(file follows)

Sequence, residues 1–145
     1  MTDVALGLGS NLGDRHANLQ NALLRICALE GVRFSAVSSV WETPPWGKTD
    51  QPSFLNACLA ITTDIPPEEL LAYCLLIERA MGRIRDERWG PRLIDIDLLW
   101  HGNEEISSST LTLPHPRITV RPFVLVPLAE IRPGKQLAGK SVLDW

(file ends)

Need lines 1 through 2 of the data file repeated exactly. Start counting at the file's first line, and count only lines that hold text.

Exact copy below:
Sequence, residues 1–145
     1  MTDVALGLGS NLGDRHANLQ NALLRICALE GVRFSAVSSV WETPPWGKTD